Openmind January/February 2006   It is extraordinary that, at a time when there is less disease and people live longer than at any other time in our history, amongst those who seek medical help, up to forty per cent of them have illnesses which may be given names like irritable bowel syndrome or fibromyalgia (niggling pains and tender areas in the large muscles of the back, neck and shoulders) but for which there is no identifiable cause. ‘Literally millions of people are racked by back pain, tormented by abdominal gripes, alarmed by ringing in the ears, tortured by headaches, exhausted by sleep deprivation, frustrated with constipation, debilitated with nausea or faintness or anorexia, overwhelmed by the burden of obesity, terrified by shortness of breath or palpitations or just too sick and too tired to cope.’  This is how the consultant physician and psychoanalytical psychotherapist Nick Read described what might be called an epidemic of functional illnesses. Doctors divide illnesses into functional and organic. Organic illnesses have a clearly defined pathology, each with a particular set of symptoms and organic changes which can be demonstrated in reliable tests. Functional illnesses have a wide variety of symptoms varying from person to person and in…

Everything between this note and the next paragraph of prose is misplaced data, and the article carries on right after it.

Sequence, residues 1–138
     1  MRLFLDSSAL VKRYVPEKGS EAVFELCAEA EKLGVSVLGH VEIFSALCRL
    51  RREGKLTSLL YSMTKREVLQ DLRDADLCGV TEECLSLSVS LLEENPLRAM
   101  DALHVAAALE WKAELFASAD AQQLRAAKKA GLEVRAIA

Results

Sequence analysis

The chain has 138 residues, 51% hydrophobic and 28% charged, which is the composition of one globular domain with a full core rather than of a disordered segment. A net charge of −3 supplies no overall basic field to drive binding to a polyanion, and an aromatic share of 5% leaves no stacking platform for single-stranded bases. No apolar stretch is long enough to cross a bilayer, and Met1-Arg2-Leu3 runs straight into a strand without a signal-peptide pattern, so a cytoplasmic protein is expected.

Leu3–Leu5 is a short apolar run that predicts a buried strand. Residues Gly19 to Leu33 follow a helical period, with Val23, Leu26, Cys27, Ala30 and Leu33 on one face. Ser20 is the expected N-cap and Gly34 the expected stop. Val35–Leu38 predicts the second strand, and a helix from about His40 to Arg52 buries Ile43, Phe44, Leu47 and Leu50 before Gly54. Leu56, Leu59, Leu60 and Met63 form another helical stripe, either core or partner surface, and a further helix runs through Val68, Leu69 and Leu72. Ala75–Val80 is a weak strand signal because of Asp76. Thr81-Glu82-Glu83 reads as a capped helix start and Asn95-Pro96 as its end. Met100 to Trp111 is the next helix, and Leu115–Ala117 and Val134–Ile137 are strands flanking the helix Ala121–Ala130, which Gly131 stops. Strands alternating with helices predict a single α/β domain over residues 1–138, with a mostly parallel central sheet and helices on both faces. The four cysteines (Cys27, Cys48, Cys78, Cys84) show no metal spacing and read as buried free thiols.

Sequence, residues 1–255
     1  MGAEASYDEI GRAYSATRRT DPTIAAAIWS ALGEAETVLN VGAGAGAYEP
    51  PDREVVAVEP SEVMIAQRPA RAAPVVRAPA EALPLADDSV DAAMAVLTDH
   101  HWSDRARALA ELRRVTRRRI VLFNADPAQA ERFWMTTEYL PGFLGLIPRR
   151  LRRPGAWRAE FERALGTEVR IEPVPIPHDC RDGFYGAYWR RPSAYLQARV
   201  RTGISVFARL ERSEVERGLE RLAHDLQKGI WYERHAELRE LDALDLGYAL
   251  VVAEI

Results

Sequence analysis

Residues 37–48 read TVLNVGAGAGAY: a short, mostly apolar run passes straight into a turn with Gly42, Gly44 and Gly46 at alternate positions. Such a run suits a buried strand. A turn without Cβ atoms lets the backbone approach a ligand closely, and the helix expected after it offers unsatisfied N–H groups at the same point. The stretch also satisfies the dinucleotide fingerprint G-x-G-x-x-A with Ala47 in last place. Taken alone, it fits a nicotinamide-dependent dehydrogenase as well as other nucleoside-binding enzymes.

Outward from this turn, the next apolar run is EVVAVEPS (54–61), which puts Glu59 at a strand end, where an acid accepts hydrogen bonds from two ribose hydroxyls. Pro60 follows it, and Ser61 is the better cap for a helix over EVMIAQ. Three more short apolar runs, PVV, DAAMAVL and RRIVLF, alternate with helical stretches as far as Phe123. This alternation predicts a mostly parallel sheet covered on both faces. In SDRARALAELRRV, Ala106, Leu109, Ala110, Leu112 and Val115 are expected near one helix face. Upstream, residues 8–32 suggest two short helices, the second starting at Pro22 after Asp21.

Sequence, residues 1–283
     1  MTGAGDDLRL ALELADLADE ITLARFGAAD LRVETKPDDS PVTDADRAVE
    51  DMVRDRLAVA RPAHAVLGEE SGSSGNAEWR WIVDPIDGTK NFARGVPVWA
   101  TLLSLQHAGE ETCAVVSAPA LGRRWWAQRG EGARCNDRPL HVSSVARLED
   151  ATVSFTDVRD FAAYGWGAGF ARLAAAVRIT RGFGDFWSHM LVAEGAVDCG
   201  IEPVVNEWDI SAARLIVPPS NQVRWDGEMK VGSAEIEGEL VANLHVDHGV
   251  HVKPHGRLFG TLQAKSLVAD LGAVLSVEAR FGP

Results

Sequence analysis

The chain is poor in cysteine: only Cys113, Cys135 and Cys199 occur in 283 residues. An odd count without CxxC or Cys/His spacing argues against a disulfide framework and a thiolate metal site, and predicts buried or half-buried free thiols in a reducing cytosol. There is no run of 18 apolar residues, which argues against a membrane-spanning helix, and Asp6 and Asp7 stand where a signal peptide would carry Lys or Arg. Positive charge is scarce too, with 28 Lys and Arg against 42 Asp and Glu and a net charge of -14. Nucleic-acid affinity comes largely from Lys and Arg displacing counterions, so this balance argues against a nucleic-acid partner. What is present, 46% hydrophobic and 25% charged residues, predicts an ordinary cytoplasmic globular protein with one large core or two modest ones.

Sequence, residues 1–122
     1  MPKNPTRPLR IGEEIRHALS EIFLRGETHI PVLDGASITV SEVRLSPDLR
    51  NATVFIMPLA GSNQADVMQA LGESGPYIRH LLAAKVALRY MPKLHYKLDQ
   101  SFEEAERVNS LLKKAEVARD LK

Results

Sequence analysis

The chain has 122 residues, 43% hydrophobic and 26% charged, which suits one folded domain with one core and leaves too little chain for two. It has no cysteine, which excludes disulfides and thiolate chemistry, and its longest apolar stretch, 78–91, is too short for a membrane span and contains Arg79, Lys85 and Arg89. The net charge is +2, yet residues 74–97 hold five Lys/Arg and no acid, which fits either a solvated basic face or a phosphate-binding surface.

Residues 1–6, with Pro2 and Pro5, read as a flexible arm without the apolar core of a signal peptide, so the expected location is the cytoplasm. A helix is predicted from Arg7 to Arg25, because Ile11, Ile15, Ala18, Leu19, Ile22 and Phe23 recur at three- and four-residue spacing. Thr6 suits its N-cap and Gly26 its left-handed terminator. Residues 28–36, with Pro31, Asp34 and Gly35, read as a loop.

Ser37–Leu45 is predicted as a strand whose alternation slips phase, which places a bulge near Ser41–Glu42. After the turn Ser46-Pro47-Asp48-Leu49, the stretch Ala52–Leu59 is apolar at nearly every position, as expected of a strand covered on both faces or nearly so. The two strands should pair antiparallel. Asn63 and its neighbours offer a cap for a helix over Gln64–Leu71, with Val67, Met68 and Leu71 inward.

Openmind November/December 2005   Don’t you find that every item of health news always ends up telling you that you’ve got something wrong? Your favourite food is killing you, the exercise you do isn’t enough or it’s doing you damage, where you live is the worse area for pollution, your level of stress will lead to a heart attack, and what ever has gone wrong is worse at your age, whatever your age is. It’s impossible for me to read a newspaper without the words ‘ageing’ and ‘getting old’ leaping out of the page at me. There was no way I was going to miss the words ‘old age’ in the Guardian’s report on the British Association of Science conference in September, but when I read the headline I was amazed. It said, ‘Old age starts at 80 as brains keep getting younger’.   This report went on to say that, according to Ian Robertson, the dean of research at Trinity College Institute of Neuroscience, biologically and psychologically old age starts at eighty. Writing this on September 12, I have got 5 years, 3 months, and 5 days to go to old age. This cheers me up greatly.  However, all of…